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Top 5 iPhone Mag Apps That Should Be on a Tablet
Wednesday, January 27, 2010
Even devoted Apple fan-boys have to be a bit embarrassed at this point. The hype and expectations surrounding today’s announcement of a new Apple media consumption device (OK, we’ll call it a “tablet”) has reached the kind of celebrity fervor usually reserved for the really important things in life…like a Tiger Woods sex rehab tale or a Kardashian doing something really stupid just to entertain us all.
While the fan-boys play the game of hardware speculation over what features will go into the new device, publishers are better advised to start thinking about what content could and should go there. Clearly, a number of publishers have their hearts set on some kind of print world revival directed by media savior Steve Jobs.
We say it is better to consider which of your apps is already primed and ready for a larger video treatment. Here then are our top five candidates for magazine-branded apps that should graduate to the Apple tablet.
Time Mobile: If for no other reason than that Time’s current iPhone app already has a cover-flow interface for navigating stories, it seems prefabricated for a larger canvas in landscape mode. The beauty of the Time app is that it lets you visually triage stories. A larger screen would have room for lede graphs that can be superimposed in the bottom third of the image or simply run in a box beneath the images. Time Inc. made a smart move in emphasizing its own history of providing great photography across all of its publications. This value should map well on a color mobile device.
Playboy: Once you get beyond the obvious, Playboy’s app layout could look better on larger screens than it does on the iPhone. Our favorite part of the app uses multiple panels to convey information and to let the user navigate into image, text and other links. It is quite possible that panels will be the tablet equivalent of Web site buttons. The larger screen lets the user scan much more data than on a phone, but it needs to be more polished and less cluttered than a Web site. Panels of content that click into other portions of the app make sense when you are using a touch screen. This is the approach that Sports Illustrated seemed to take in its recent demo of a tablet-ized magazine.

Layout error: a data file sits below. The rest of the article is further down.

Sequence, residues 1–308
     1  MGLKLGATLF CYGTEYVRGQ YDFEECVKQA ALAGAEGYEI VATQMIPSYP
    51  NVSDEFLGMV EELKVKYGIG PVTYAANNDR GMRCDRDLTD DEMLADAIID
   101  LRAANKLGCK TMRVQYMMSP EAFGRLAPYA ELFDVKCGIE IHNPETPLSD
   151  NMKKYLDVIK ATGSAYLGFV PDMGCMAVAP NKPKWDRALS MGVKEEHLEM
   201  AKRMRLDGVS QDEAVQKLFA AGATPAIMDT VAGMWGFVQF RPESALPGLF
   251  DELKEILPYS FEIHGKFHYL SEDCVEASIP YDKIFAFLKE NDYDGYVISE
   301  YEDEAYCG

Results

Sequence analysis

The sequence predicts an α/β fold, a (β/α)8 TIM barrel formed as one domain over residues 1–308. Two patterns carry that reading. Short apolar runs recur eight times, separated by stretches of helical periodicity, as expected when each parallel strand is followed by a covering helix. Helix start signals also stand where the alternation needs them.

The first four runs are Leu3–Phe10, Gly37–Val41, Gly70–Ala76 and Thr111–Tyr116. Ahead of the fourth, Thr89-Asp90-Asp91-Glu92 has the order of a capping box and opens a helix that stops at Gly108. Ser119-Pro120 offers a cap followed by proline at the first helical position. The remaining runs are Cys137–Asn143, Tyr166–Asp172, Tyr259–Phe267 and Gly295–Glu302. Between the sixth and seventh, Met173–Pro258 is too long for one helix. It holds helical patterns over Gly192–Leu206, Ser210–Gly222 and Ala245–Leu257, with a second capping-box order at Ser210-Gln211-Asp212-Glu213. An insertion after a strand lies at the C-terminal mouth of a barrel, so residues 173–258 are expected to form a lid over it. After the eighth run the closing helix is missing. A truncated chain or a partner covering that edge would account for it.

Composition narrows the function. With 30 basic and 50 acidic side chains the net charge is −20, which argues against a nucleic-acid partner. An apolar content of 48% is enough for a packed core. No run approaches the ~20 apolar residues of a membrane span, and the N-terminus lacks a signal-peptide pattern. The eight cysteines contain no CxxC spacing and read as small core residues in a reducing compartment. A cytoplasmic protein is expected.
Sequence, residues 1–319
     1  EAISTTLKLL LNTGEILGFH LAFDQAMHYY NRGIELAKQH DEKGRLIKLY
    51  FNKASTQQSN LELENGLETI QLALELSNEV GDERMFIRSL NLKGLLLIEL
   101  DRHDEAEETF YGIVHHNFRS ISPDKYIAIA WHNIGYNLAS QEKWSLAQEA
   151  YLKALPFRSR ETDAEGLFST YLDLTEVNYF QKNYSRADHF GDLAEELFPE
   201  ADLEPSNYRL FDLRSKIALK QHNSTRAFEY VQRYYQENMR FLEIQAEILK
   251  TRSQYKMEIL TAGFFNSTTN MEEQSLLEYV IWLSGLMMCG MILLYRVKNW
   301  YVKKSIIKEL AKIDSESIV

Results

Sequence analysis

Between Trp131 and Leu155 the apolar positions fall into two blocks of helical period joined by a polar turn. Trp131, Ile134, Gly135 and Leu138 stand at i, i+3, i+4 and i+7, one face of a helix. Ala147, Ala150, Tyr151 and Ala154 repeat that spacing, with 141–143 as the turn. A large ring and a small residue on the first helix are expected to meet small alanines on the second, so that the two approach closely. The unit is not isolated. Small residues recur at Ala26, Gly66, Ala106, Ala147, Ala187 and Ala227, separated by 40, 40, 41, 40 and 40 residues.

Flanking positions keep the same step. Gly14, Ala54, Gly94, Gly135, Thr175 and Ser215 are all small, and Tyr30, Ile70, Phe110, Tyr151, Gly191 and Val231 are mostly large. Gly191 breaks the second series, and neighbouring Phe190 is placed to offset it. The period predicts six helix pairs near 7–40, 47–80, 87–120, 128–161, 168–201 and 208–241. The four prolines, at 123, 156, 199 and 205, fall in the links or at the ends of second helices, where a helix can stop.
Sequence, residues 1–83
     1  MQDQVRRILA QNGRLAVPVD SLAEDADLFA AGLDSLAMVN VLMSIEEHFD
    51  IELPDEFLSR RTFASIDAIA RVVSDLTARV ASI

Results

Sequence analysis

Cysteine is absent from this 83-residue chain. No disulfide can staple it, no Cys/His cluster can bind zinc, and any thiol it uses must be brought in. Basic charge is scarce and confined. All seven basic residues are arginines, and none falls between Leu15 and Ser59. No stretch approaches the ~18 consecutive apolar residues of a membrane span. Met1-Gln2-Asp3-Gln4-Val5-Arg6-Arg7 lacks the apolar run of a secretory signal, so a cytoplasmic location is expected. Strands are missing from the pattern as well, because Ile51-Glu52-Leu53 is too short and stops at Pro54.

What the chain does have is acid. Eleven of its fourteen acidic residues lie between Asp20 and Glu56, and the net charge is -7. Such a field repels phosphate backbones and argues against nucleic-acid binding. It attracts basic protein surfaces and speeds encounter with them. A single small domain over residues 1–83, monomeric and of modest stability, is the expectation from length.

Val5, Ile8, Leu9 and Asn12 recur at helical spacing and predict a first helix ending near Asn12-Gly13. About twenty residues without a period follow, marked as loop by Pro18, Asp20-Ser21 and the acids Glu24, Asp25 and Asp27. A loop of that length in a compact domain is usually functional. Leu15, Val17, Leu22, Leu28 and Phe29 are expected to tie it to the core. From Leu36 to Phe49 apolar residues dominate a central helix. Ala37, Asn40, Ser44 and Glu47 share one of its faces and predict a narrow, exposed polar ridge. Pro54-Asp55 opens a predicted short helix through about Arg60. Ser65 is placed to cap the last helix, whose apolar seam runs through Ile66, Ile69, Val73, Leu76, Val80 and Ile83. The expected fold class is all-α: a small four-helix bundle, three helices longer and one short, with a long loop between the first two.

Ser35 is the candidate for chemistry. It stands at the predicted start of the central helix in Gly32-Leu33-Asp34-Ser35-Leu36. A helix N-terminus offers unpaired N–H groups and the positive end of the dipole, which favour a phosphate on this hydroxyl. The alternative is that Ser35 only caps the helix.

GQ: It is quite possible that the full-issue mobile treatment of Condé Nast’s men’s book really had the tablet in mind all along. We love how this app switches from mobile-friendly text formats in portrait orientation to full reproductions of the print product in landscape. The problem is that like a lot of digital magazines, the facsimile view is pretty much useless, especially on a small screen. Tapping and zooming to your content is a non-starter. Notice how the early iPhone ads emphasizing the full Web browser were dropped quickly. On a 10-inch display, however, some magazines may be able to get away with pouring their print product onto a tablet app. It wouldn’t be our preferred solution, but it would be feasible for some titles.
Highlights Hidden Pictures: The kids’ entertainment magazine has a great object-finding app that is going to be a parental godsend in a tablet version: “Here, kid, stop whining and play with the tablet.” Early reports suggest that Apple has high hopes for the tablet becoming a game and entertainment device. Magazines need to think outside of their usual box and embrace the fun: puzzles, multimedia trivia games, etc. Get in the game!
TV Guide Mobile: One rumor is that Apple will pitch the tablet as a family device for multiple users, one that might sit on the coffee table. Having an interactive TV Guide on hand is a no-brainer. Many of us already use our living room laptop this way. Ideally, we want video previews of the upcoming shows embedded on a tablet device for the coffee table. But this is a lesson other publishers should embrace. If adopted, the tablet offers a second screen suitable for personalized parallel viewing.
Publishers need to start thinking less about how the tablet will “save print” or offer a new palette for their traditional talents. As Ken Auletta said in his SIIA keynote yesterday, media innovation is being inhibited by the understandable but ultimately disastrous reflex to salvage your old models. App developers need to think more about mobility. Where will a second screen be used, for what purpose and in tandem with what other life and media experiences?
Put another way: The new age of fragmented content and consumption is not just about the same old content being available “on demand.” It is really about what new demands your brand can satisfy as they have access to anyone's content at a particular moment at a particular place.
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